The most common reason for flat, under-proofed pizza dough is adding too much flour to your recipe. Adding too much flour to a pizza dough recipe can cause the yeast to die off before it has had a chance to ferment properly and form those air bubbles.

Always add flour gradually to the dough until it just comes together. If the dough is too sticky, then only add more flour but only a tablespoon at a time.

Troubleshooting Tip:

To fix this issue, I’d suggest adding more water 1-2 tablespoons at a time, and knead the dough until it is smooth. Let the dough rest for 30 minutes, then proof it in a warm place (70-75°F/21-24°C).

If the dough still doesn’t rise after following these steps, I’m afraid you’ll have to start over. Since I always go for the “rather be safe than sorry” approach, I like to measure everything with a kitchen scale before mixing.

4. Too much yeast

Adding too much yeast to a pizza dough recipe will cause the dough to rise too quickly and then collapse when it comes time to bake. This is why many recipes call for “proofing” their yeast before adding it to the batter.

By letting your active dry yeast sit in warm water for 10 minutes or so, you can test the strength of your mixture by seeing if bubbles form on top of the water.

Troubleshooting Tip:

If you have ended up adding more yeast than the recipe needs, here’s what I recommend doing:

Rest the dough in the fridge for a longer period. The colder temp will slow down the yeast activity. You can also try adding more flour to dilute the amount of yeast in the dough. However, be careful not to add too much flour, or the dough will become dry and tough.

Skip this step if this is your first time making fresh pizza dough. If you don’t know what you are doing, the dough WILL dry out.

5. Overproofing

Can pizza dough rise too much? Hell yeah! Been there, done that.

Overproofing the pizza dough keeps it from rising in the oven while baking because the yeast has consumed all of the sugar in the pizza dough.

Troubleshooting Tip:

The only way to rescue an over-proofed pizza dough is to knock back the dough.

To do that, take the dough out of the proofing box/container and press it down with the heel of your hands. Lightly punch the dough to release all the air out, reshape it into balls, and put it back in the container.

Let the dough rest for a few minutes before baking.

Punching down the dough will help release carbon dioxide gas that has been produced by the yeast. This can slow down the rise of the dough and help prevent over-fermentation.

Speeding Up a Slow Rise: Key Takeaways

  1. Make Sure Your Yeast Is Alive and Kicking: If your yeast is dead, it won’t be able to produce enough gas for the dough to rise. To test if your yeast is alive, dissolve a small amount of it in warm water and sugar. If the yeast bubbles after 5-10 minutes, it is alive and can be used. Check the expiry date of the yeast before use, ALWAYS!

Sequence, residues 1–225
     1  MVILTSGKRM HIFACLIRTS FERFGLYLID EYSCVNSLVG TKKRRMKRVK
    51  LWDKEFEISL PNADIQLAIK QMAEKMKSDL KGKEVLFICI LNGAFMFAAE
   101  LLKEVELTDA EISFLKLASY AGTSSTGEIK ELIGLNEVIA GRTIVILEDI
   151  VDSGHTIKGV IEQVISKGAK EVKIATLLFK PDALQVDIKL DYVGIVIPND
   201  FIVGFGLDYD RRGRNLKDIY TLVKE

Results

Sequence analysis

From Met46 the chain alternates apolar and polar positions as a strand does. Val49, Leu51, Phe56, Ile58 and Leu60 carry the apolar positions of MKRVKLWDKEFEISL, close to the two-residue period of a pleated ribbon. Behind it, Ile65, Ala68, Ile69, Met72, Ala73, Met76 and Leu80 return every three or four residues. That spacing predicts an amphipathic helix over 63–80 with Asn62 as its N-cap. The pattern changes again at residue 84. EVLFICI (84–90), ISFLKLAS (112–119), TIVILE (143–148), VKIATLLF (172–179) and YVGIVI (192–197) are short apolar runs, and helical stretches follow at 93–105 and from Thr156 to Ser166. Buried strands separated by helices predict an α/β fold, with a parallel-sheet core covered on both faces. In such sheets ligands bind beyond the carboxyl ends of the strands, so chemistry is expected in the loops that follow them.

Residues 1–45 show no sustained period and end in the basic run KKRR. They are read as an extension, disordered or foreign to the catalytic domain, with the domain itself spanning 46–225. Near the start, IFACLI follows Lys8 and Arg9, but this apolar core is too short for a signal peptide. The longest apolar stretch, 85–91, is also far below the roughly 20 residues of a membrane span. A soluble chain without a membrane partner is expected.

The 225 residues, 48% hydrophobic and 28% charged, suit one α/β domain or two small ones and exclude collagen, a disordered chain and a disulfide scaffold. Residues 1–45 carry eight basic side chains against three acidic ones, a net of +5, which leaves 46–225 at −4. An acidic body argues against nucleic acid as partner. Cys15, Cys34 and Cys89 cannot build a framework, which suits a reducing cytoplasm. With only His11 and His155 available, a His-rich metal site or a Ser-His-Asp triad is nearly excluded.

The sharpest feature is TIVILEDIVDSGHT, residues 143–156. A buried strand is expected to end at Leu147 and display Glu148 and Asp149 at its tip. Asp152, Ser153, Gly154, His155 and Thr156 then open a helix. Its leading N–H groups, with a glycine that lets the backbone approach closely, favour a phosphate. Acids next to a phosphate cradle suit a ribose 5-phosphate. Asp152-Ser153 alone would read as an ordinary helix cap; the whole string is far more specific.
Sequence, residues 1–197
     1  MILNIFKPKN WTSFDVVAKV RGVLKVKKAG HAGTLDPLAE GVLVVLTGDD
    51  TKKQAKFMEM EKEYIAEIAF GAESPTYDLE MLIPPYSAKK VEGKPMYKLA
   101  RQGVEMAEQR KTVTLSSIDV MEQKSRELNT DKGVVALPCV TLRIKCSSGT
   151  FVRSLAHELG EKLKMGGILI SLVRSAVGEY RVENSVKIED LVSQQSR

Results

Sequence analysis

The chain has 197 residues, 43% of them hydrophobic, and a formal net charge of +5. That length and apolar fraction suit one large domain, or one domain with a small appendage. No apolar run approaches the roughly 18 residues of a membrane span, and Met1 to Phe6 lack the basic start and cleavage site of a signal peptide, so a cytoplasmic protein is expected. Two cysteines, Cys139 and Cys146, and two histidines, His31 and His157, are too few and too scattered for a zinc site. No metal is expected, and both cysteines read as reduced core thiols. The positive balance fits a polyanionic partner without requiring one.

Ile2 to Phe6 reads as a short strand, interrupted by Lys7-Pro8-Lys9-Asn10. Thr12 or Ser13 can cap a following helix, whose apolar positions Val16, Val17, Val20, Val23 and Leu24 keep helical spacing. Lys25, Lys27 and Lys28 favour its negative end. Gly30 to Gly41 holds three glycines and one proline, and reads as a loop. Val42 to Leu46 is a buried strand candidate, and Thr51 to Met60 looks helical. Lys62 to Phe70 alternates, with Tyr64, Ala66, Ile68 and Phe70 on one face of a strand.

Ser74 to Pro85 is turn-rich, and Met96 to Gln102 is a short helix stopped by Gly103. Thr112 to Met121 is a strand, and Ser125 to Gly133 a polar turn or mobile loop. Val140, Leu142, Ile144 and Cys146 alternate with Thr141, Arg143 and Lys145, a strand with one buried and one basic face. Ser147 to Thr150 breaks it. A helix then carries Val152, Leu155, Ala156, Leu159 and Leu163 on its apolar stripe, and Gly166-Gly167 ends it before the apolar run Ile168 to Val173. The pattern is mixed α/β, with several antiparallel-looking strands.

2. Test the Water Temperature: Yeast is most active in warm water (105-115°F/41-46°C). Anything hotter than that will kill the yeast. If the water is too cold, the yeast will become dormant. Use a thermometer to ensure that the water is at the correct temperature for the yeast.
  3. Do not over-flour: Too much flour will mess with the yeast activity and also cause the dough to dry out. Measure your flour, and add it to the dough gradually. If the deed is already done, you can try adding 1-2 tsp of water, knead well, and let the dough rest at room temp for 30 additional minutes.
  4. Excessive Yeast: Adding too much yeast in the dough will make it sticky, difficult to handle, and cause a sour taste. The best way to handle this problem is to cold ferment the dough for a longer period.
  5. Overproofing: If you have ended up over-proofing your dough with the addition of extra yeast or longer than necessary proofing, gently punch it down to de-gass the dough. Then re-shape it and proof at room temp for 15-20 minutes.

How Long Can You Let Pizza Dough Rise With Instant Yeast?

Because instant yeast works differently than active dry yeast, it doesn’t take as long to rise. You’ll want to let it sit for about an hour before you begin making your pizza dough. This is because instant yeast doesn’t need any time to activate; it will be ready to use right away after mixing with water and sugar.

What Happens If You Don’t Let Pizza Dough Rise?

If you don’t let pizza dough rise, then it will not be able to trap the air bubbles that make for a light and airy crust. This will result in flat and dense bread that won’t have much flavor or texture.

How Long to Let Pizza Dough Rise at Room Temperature?

It really depends on the room’s temperature. A warmer environment leads to a faster rise. At 70-75 degrees, the dough can take anywhere between 1-3 hours. You can leave the dough to sit at room temperature for up to 6-10 hours to proof it as well. If you wish to let it rise for longer, put it in the fridge.

Can You Let Pizza Dough Rise Twice?

Yes. In fact, letting the dough rise twice is highly encouraged if you’re making Neapolitan-style pizza. This is because it gives a lot more time for the yeast and dough to interact with one another and create that perfect, chewy crust.

My Takeaway

All in all, it’s important to know how long to let pizza dough rise. You don’t want your dough to be too dry or too wet—you want it just right. And this takes some experimentation on your part. But once you’ve found the perfect combination of ingredients and have the right amount of time for rising, your pizza will come out perfect!